How Is Your Credit Calculated?
FICO evaluates several data points on your credit report to determine what your FICO Score is. This data is grouped into five categories: payment history (35%), amounts owed (30%), length of credit history (15%), new credit (10%) and credit mix (10%).
Here is how they compute your score:
Credit History (35%)
Lenders check your credit history to determine whether you pay your bills on schedule. The best way to measure this is by depending on how you have paid your bills previously. Late payments, credit used, and collections all influence the recorded history of your FICO rating.
Outstanding Debt (30%)
The amount of debt you have divided by your credit limit is known as credit usage. When you have a higher credit usage, you are closer to your credit limit. This will create a lower credit score. Keep your credit usage balance around 30% of your credit limit or less.
Length of Credit History (15%)
Having a more established record as a consumer is another positive aspect because it gives more data about your history with handling money. From experience, I see that once your credit file is roughly 7 years old, you benefit greatly. Also, remember that every time you get a new account, it will decrease your credit length average.
Each time you make an application for credit, a request is added to your report. A huge amount of credit request implies that you are assuming various financial problems or that you are in a difficult situation with your finances.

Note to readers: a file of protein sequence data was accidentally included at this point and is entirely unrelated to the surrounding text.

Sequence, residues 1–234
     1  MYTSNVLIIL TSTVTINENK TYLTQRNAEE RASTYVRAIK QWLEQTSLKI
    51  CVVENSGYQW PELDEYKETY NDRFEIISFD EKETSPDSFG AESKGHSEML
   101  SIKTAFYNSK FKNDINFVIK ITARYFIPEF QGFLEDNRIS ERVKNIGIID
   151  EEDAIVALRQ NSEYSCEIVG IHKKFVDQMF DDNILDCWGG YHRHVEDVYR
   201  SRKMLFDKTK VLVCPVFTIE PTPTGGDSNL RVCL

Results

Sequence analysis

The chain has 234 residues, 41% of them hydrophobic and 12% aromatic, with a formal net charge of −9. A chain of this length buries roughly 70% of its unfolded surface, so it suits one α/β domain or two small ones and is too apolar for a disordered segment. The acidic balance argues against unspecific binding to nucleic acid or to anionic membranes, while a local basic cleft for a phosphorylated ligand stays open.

Different Types of Credit (10%)
Having various types of credit is ideal since it shows your experience with dealing with a diversity of credit products. This is not a big factor in your FICO assessment unless you don not have a lot of data they can utilize to determine your score. You can open new accounts as you need them to improve this.
What Are The Factors That Decide Your Credit Score?
The most significant factors in deciding your score are 1) credit history, it is a record of whether you have paid your bills on schedule. 2) Sum of debt owed. This is where they check the amount you are using and see how much you have spent on the credit available. Lenders may deny cases of borrowers who are almost within their credit limit as they are more likely going to miss some payments. 3) Age of history, which is a factor determined by the normal age of your credit, just to know how long the account has been actively used.
Rachel Gibbs has perfected her craft in terms of credit and finances. She is an expert in credit restoration and financial education, leaving her clients satisfied with the results.